Sonia's mother, who grew up in the same country, lived through several dangerous hurricanes, one of which destroyed the family home. As a young girl, not only did she see the family home destroyed, she also witnessed the drowning of her beloved uncle when the family was attempting to cross a river during the severe flooding related to one of the hurricanes. From that time on, Sonia's mother had nightmares and panic attacks. She never obtained professional help for her anxiety, and she managed her panic attacks by taking anti-anxiety medication. But her nightmares never stopped.

As Sonia and I continued to work together, I discovered that Sonia's parents tended to be overprotective of her and the other children when they were growing up and, without being aware of it, they passed on her worries to Sonia and Sonia's siblings. Sonia grew up feeling that the world was not a safe place and anything that could go wrong would go wrong.

Until we began talking about it, Sonia never realized that her unnamed fears originated with her parents and she was now conveying her fears to her daughter. I provided Sonia with psychoeducation about the nature of transgenerational trauma. Gradually, we worked through Sonia's anxiety using a combination of EMDR and clinical hypnosis until she worked through her fears.

It was only after Sonia had worked through her anxiety and she realized what it felt like to be calm that she realized how anxious she had been all of this time. During that time, Sonia also took her daughter to see a psychotherapist who worked with children so that her daughter wouldn't grow up with the same anxiety that Sonia experienced.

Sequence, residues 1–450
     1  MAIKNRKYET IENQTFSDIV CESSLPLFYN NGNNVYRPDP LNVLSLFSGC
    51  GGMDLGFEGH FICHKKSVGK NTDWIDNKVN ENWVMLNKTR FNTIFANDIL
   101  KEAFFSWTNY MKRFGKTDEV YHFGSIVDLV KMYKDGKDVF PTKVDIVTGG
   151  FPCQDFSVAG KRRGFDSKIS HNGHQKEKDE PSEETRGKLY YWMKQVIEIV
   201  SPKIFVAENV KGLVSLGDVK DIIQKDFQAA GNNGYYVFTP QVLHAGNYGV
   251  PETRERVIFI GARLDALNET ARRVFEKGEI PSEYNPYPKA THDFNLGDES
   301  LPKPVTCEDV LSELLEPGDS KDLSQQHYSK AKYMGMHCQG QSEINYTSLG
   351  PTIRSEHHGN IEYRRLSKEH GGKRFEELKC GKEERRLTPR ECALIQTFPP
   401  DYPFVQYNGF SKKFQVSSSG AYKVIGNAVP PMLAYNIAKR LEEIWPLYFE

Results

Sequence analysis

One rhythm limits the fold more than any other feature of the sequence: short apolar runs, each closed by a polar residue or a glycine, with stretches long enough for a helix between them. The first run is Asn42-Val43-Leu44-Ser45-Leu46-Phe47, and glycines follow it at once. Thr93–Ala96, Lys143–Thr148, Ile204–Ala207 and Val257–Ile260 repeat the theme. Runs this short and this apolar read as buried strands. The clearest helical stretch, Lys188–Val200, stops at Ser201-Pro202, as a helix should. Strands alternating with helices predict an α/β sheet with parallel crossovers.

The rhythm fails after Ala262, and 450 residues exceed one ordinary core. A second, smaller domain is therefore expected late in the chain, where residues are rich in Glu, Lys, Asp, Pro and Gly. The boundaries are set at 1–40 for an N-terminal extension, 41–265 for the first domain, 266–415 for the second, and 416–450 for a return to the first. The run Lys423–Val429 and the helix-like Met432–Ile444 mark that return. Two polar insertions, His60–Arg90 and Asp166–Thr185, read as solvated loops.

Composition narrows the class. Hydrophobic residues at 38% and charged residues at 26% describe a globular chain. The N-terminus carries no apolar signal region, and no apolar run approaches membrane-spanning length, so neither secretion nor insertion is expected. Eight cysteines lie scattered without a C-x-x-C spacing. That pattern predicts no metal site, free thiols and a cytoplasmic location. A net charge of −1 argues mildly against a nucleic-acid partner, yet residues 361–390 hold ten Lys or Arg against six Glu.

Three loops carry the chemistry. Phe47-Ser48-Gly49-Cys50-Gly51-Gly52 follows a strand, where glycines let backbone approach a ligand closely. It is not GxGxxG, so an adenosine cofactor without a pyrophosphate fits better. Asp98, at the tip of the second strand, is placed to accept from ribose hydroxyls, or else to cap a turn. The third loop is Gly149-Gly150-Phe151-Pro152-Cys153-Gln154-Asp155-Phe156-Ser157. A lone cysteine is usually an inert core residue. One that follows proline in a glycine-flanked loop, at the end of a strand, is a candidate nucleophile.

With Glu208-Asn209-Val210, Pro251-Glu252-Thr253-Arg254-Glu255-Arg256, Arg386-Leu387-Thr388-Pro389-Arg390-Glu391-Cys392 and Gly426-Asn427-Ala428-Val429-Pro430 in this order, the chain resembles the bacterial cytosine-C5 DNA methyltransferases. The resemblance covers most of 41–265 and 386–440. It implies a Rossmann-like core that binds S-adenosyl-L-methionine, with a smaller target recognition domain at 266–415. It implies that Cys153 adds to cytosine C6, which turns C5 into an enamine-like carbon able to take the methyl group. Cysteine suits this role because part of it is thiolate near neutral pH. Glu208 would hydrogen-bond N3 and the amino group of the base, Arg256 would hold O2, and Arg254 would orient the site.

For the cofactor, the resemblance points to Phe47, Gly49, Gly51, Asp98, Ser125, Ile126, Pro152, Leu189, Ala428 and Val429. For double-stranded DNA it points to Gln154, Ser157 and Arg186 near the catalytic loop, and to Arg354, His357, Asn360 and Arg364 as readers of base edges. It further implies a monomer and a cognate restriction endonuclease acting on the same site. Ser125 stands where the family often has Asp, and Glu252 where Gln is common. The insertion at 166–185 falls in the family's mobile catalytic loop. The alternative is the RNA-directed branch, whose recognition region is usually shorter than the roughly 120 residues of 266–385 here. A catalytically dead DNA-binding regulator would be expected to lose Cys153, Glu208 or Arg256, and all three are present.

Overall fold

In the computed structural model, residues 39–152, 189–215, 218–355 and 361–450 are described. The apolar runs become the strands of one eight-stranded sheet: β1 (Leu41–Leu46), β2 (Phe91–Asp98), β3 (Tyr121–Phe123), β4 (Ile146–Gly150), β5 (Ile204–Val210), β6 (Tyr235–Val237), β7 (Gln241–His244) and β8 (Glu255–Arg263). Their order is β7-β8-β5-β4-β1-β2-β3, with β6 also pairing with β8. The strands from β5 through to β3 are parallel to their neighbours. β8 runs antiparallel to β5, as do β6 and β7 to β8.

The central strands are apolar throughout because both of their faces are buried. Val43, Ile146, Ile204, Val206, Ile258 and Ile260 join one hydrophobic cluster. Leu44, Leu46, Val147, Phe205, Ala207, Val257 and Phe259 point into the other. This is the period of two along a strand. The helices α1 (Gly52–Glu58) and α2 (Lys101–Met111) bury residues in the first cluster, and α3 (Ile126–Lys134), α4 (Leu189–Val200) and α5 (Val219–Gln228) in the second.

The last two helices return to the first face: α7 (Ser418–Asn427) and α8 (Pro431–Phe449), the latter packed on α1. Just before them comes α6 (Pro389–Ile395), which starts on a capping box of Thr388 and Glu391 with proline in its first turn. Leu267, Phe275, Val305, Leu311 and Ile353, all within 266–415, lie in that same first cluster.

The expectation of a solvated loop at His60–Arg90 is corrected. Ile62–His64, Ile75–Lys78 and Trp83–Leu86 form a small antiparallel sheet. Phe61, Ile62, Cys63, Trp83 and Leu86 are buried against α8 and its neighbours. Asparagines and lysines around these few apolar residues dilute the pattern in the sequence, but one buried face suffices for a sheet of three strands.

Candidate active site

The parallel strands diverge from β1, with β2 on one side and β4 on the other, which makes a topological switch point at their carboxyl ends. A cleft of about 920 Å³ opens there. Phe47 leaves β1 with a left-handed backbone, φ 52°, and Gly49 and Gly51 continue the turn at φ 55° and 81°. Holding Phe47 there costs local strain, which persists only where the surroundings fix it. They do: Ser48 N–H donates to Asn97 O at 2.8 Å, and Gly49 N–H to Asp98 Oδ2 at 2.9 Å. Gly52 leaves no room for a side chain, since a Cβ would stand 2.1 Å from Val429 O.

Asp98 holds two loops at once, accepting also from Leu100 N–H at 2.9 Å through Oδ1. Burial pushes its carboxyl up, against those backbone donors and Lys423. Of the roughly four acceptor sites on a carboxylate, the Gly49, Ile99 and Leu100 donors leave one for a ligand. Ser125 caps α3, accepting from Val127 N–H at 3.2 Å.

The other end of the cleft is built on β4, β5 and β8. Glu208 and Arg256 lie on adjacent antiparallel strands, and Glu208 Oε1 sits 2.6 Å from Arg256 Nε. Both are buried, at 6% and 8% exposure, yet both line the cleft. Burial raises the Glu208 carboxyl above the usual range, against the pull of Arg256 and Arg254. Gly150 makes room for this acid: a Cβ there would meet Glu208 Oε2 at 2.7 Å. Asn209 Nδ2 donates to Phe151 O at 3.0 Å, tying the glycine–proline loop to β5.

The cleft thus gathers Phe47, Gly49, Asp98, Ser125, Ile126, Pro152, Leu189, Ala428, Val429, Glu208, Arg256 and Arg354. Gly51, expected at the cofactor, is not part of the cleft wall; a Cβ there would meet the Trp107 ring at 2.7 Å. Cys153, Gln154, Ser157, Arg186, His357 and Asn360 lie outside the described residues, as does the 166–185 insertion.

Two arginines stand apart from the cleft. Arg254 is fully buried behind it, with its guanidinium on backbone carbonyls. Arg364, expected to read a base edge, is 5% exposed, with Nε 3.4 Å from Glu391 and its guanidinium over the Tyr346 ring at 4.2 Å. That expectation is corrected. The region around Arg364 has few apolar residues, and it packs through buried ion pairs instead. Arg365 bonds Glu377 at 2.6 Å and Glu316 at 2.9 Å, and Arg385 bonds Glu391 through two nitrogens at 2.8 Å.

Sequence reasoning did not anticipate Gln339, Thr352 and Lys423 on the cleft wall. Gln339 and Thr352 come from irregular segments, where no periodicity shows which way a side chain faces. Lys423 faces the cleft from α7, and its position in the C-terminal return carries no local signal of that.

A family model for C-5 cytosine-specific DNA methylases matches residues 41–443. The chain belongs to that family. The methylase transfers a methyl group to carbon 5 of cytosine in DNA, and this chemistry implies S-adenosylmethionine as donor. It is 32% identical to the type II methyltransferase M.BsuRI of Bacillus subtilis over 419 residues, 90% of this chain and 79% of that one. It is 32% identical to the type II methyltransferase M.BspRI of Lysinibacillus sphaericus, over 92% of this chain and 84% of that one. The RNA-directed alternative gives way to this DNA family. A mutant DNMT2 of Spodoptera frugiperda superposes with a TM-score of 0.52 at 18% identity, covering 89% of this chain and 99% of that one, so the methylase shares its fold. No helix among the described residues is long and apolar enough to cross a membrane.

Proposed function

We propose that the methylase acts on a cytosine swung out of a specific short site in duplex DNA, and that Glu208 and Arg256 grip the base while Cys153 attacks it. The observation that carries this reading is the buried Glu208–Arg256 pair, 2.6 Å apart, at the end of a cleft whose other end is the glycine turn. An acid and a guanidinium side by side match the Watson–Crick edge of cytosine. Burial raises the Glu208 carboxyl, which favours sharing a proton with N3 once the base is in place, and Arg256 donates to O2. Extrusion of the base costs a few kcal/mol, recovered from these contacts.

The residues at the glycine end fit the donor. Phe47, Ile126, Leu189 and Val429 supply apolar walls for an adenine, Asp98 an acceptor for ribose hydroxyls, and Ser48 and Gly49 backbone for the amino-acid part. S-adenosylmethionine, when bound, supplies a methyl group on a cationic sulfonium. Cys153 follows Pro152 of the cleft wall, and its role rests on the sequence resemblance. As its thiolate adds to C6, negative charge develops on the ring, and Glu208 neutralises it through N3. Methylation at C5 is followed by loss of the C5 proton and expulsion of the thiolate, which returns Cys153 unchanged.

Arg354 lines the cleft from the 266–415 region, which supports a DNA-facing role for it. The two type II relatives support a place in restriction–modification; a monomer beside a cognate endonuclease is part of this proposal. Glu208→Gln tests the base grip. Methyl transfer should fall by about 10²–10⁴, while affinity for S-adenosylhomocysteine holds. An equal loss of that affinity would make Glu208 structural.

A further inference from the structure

Often, Without Realizing It, People Who Experience Trauma Pass on Their Fears to Their Children 
It's not unusual for people who experience trauma to inadvertently pass on their doubts and fears to their children. There have been many documented cases of this with Holocaust survivors, even in cases where the survivors never discuss what happened. Without realizing it, they convey their fears on an unconscious level to their children so the children often feel that the world is not a safe place.

Getting Help


You're Not Alone.  There is Help to Overcome Transgenerational Trauma
If you think that your trauma is affecting your loved ones or that you are the one who is affected by transgenerational trauma, you're not alone and you owe it to yourself to get help from a licensed psychotherapist who has expertise in dealing with trauma and transgenerational trauma.

I am licensed NYC psychotherapist, hypnotherapist, Somatic Experiencing therapist, and EMDR therapist in NYC.

I have helped many clients to overcome trauma and transgenerational trauma.

To find out more about me, visit my website: Josephine Ferraro, LCSW - NYC Psychotherapist

To set up an appointment for a consultation, call me (212) 726-1006.

Also, see my article:  Psychotherapy: Healing Your Emotional Wounds



photo credit: blmiers2 via photopin cc

photo credit: Adam Jones, Ph.D. - Global Photo Archive via photopin cc

photo credit: AlicePopkorn via photopin cc